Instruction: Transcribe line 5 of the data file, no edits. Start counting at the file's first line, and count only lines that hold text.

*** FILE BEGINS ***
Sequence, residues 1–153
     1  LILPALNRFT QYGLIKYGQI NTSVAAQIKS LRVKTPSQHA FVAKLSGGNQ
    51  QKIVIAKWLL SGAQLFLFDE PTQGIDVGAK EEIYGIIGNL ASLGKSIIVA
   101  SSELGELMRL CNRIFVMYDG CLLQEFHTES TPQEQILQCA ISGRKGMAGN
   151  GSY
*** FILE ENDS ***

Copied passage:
   151  GSY